Protesters urge Towson to divest from prison labor
By: Anthony Petro, Contributing Writer
Photo by Anthony Petro/ The Towerlight
Students protested Towson University’s purchase of furniture made by prisoners during a demonstration on the second floor of Van Bokkelen Hall on Nov. 7.
Towson University purchases products from Maryland Correctional Enterprises, a state agency within Maryland’s Department of Safety and Correctional Services. State law requires institutions within the University System of Maryland, including Towson, to purchase items from MCE.
In November 2015, a group of student activists led the “Occupy Towson” movement and physically occupied the president’s office to get a list of 13 demands signed with the goal of improving life on-campus for students of color. Then-Interim TU President Tim Chandler and the activists negotiated a list of 12 demands which Chandler signed.
Demand number four, which was completed in spring of 2016, was to send a letter to the president of University System of Maryland Student Council “regarding the review and termination of the contract, vendoring, and purchasing of appliances, tools, furniture and any other items produced within Maryland state and federal prisons.”
Then-USMSC president Gayon Sampson and other student leaders, including then-SGA President Kurt Anderson, toured several MCE facilities and spoke with inmates to evaluate the program.
Last Tuesday’s protest, almost two years since Occupy Towson, but not affiliated with that movement, raised the issue again. Student protesters said the prisoners are not paid enough for the work they do.
Above the stairwell at one end of the hall hung a sign which read, “Your Fee$ Pay 4 Slave Labor.”
On their first march through the halls, the students shouted in unison, “What do we want? Slave abolition! When do we want it? Now!”
Professor Jennifer Potter’s communications special topics class in social protest rhetoric stacked all the tables and chairs from their classroom in the hallway with signs and statistics about their protest.
Some of these signs read: “Insourcing is cheaper than outsourcing labor to other countries. If a product you own says ‘American made’ it was probably made in prison,” “In 2014, 70 percent of the prison population was black, although only 30 percent of Maryland’s population is black,” and “It is illegal to import products made with prison labor from overseas… So why is it legal to use prison labor in America?”
There were also signs on the doors and down the hall with the social media hashtag #dismantlethedesk.
During the class’s second march through the halls, they chanted, “Hey hey, ho ho, this racist system has got to go.”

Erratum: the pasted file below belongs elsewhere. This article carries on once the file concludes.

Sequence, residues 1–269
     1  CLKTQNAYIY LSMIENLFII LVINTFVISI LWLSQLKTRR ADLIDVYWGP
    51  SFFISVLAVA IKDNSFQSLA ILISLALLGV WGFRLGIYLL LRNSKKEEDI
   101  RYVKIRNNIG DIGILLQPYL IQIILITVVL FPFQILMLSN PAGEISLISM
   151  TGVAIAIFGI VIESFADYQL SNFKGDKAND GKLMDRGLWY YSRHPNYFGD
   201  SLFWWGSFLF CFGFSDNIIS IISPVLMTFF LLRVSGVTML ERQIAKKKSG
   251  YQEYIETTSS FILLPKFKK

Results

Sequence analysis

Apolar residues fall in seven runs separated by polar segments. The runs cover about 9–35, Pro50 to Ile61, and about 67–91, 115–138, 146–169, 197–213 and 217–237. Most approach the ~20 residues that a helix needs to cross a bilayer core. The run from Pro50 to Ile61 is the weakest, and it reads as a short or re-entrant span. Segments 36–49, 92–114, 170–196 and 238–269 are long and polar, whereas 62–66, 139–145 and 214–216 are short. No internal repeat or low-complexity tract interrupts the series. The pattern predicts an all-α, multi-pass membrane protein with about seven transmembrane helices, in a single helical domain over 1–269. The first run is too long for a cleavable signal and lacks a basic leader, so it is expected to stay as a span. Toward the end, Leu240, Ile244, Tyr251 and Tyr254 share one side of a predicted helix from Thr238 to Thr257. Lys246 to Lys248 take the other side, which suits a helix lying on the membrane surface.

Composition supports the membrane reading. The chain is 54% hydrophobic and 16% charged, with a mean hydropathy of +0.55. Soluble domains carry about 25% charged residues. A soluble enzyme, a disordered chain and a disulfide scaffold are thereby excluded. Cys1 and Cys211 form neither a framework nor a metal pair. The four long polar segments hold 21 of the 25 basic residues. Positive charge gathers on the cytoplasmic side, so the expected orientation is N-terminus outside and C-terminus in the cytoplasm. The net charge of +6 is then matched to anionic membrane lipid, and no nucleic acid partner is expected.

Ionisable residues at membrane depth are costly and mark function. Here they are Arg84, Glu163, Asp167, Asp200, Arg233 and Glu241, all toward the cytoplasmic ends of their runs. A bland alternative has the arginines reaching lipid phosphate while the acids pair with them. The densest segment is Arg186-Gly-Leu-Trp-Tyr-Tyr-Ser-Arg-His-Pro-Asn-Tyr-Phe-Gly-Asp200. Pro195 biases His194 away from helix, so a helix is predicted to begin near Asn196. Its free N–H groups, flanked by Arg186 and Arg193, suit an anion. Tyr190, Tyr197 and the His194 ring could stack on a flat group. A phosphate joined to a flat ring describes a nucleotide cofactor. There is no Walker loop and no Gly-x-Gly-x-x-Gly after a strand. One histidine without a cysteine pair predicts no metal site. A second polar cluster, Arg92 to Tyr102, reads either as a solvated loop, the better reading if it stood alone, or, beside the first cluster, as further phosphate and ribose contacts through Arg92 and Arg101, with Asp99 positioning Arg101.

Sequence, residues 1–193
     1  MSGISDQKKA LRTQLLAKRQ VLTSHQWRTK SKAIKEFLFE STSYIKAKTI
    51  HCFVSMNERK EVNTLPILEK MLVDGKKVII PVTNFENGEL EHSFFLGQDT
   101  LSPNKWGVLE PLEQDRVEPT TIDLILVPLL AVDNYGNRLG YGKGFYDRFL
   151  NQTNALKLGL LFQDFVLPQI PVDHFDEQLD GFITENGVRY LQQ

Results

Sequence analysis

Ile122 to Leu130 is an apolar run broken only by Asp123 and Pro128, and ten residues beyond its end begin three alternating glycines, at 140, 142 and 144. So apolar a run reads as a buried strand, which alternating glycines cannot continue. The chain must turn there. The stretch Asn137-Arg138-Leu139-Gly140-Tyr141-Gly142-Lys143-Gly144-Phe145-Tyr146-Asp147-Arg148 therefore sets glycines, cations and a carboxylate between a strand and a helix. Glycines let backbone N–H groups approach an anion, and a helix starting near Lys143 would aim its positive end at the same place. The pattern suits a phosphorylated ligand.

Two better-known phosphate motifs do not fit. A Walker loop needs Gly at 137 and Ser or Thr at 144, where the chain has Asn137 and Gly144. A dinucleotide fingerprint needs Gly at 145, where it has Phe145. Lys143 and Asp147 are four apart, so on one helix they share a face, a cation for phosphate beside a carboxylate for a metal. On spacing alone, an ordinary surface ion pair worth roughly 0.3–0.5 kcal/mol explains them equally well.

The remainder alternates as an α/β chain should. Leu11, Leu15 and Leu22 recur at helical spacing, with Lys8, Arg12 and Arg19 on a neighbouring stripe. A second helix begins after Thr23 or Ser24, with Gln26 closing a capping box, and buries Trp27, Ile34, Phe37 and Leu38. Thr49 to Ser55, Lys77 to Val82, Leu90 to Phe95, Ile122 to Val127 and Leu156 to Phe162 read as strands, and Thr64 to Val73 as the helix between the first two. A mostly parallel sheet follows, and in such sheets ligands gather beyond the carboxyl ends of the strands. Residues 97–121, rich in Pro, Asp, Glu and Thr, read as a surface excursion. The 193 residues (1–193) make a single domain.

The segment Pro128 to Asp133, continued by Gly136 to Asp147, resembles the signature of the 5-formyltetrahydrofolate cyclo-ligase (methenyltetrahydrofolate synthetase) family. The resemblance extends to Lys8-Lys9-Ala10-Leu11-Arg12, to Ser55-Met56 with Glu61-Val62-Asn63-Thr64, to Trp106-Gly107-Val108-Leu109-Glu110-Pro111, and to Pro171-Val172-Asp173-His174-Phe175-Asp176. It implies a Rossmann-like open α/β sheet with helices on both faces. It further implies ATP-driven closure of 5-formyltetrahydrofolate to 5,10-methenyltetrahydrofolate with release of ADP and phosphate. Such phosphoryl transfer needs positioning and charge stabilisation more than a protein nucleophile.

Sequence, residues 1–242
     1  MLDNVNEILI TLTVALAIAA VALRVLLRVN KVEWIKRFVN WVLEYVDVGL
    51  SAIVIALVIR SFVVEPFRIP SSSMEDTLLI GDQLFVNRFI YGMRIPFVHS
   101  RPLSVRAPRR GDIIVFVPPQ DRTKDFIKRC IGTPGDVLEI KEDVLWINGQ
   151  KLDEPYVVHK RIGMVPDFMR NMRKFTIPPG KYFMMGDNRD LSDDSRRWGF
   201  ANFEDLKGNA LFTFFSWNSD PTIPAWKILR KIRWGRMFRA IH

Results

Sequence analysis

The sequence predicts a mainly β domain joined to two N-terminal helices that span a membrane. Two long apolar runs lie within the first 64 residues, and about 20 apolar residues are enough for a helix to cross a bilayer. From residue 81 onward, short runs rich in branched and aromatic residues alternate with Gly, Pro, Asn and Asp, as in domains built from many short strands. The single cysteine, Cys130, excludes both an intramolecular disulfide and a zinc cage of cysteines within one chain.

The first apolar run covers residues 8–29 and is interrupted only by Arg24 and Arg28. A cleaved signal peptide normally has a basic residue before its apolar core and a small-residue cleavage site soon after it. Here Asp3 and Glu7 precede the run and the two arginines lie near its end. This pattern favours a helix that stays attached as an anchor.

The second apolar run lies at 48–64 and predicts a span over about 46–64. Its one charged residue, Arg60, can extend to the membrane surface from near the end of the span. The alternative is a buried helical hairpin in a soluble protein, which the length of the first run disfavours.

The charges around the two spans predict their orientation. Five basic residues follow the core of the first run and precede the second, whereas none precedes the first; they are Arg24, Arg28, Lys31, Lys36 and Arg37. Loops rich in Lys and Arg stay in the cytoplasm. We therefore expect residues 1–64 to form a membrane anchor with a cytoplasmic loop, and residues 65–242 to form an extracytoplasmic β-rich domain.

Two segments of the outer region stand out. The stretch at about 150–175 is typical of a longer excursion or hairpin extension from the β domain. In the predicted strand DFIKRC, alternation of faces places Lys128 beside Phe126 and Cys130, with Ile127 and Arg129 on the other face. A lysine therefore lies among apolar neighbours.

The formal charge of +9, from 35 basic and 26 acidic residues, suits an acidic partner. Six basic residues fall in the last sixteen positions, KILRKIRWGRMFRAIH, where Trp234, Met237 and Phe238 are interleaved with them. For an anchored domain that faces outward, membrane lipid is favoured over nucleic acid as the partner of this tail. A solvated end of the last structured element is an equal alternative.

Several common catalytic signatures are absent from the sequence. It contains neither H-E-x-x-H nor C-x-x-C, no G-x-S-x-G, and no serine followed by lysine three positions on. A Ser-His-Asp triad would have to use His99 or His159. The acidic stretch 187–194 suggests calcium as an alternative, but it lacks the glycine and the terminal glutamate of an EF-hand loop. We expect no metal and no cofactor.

“I like what they are protesting,” sophomore mass communication student Marcus Palmer said. “I agree with it because I noticed a lot of furniture was built by prisons.”
Palmer was part of the communications class covering the protest for an assignment.
“I don’t think it’s right for anyone to be forced to work, and forced to work for 15 cents an hour,” Stephen Rabaglia, a senior communication studies major and student of Potter’s class said. “Buying through the prisons is actually more expensive, but the University is legally mandated to. We are starting a petition to cancel the mandate and start purchasing through a different catalog.”
Potter’s class started the online petition and protest to save the University money, and give everyone more information in an attempt to reverse the mandate.
“I think the protest went really well,” Zhanae Allen, a senior cultural studies major and student of Potter’s class and protest said. “The biggest part will be people coming out and seeing everything (the furniture and signs) stacked in the halls. I think that will really drive it home with students.”
Editor’s note: This article has been edited to further clarify the contract between Towson University and Maryland Correctional Enterprises.
The Towerlight has contacted MCE to request a tour of one of their facilities and to speak with prisoners involved with the program. We will update with any new information.
You can read about The Towerlight’s editorial process for this article here.
You can also read The Towerlight’s coverage of how Towson has addressed the related Occupy Towson demand last year here.